A Ham's Guide to RFI, Ferrites, Baluns, and Audio Interfacing
Revision 3 24 Apr 08©
Entire Contents Copyright 2007-8 The Audio Systems Group, Inc., except Appendices 2, 3, and 4, which areproperty of the cited authors, and product data, which is copyright by Fair-Rite Products. All Rights Reserved
by Jim Brown K9YC
Audio Systems Group, Inc.http://audiosystemsgroup.comThe basis of this tutorial is a combination of my engineering education, 53 years in ham radio, mywork as vice-chair of the AES Standards Committee working group on EMC, and extensive re-search on RFI in the pro audio world where I’ve made my living. That work is documented in tech-nical papers and tutorials that can be downloaded from the publications section of my website.
Chapter 1 – Some Fundamentals
To solve interference problems, we must understand them. So we'll begin by describing the waysthat RF interference is coupled into equipment and detected. There are several principal mecha-nisms at work.
Detection at Semiconductor Junctions
Every semiconductor junction, whether part of a diode,transistor, or integrated circuit, is quite nonlinear, especially in the voltage region where it is be-ginning to conduct. In analog circuits, we prevent this non-linearity from causing distortion byproperly biasing the circuitry, by using lots of negative feedback, and by preventing the signal frombeing large enough to cross into the cutoff region.Thanks to this non-linearity, every semiconductor junction functions as a
square law detector
, de-tecting any RF signal it sees. A good designer prevents detection by shielding the equipment andits wiring, by filtering input and output wiring, and even by bypassing the junction by a capacitor.Since virtually all detection that causes RFI follows square law, the strength of the signal detectedby audio equipment, telephones, and other equipment will increase (or decrease) as the square of any increase (or decrease) in RF level at the detector.
In other words, the strength of the detectedRF changes by twice the number of dB that the RF signal changes.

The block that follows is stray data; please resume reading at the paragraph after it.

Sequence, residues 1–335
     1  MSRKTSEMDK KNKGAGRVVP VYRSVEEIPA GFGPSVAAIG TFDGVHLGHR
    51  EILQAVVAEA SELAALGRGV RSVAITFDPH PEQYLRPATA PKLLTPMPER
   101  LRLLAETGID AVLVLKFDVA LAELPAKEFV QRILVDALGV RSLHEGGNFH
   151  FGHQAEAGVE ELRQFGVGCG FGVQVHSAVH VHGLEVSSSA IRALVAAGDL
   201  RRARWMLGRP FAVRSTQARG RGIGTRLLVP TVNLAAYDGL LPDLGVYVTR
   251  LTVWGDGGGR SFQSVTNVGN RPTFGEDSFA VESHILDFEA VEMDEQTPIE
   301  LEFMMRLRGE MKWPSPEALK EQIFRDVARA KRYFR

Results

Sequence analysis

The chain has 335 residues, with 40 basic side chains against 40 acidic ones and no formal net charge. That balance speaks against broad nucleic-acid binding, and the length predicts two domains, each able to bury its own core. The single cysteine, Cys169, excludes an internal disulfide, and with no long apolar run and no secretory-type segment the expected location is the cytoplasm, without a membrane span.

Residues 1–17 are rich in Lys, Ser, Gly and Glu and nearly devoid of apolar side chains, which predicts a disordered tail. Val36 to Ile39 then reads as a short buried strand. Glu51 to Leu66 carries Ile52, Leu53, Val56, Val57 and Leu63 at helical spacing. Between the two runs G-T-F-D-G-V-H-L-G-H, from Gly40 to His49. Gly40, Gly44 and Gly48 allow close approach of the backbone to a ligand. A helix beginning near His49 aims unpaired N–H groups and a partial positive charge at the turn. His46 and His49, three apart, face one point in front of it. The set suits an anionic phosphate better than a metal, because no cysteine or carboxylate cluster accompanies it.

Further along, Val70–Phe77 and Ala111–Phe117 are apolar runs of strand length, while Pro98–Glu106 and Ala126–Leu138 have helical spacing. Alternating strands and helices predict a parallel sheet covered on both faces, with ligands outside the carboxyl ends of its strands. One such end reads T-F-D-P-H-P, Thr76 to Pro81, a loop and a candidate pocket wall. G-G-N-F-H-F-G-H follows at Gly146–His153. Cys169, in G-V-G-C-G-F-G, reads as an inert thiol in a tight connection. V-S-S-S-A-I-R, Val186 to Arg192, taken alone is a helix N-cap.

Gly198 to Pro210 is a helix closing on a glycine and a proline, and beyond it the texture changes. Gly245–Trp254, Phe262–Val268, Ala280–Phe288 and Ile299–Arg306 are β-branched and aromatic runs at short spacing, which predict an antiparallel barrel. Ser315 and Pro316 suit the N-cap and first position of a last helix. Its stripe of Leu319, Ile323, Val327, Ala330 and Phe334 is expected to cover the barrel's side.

This means that if we manage toreduce the interfering RF signal by 6 dB, the detected audio will drop by 12 dB. This is a very use-ful thing – it means that we may not need "an elephant gun" to solve many interference problems.
The most fundamental cause of radio interference to other systems is the fact thatthe wiring for those systems, both inside and outside the box, are antennas. We may call them"patch cables" or "speaker cables" or "video cables" or "Ethernet cables," or printed circuit traces,but Mother Nature knows that they are antennas! And Mother Nature always wins the argument.When we transmit, some of the RF from our transmitter is picked up by those unintentional anten-nas, and RF current flows on them. What happens to that current determines whether there will beinterference, and how severe it will be. We know that antennas work in both directions – that is,they follow the principle of
– so when RF trash from inside the box flows on those an-tennas, it is radiated as noise and we hear it on the ham bands.Fig 1 shows a simple antenna we’ve all used,probably with our first radio receiver. We con-nected a random wire to our receiver, and theantenna current flowed through the receiver toa "ground" that might have been a driven rod,but was more likely the safety ground of the ACpower line (the third pin on the AC socket,known in North America as the "green wire").Even if the radio was double insulated so that itdidn't require the green wire connection, RFcurrent still flowed through the stray capaci-tance of the power transformer to the powerline and made the radio work.Fig 1 – A simple random wire antennaRF picked up on the antennas we call loudspeaker wiring, video cables, the coax from the cable TVsystem or a rooftop TV antenna, flows through equipment to get to the AC power system safetyground. Hams understand that some antennas are more effective than others. An antenna that is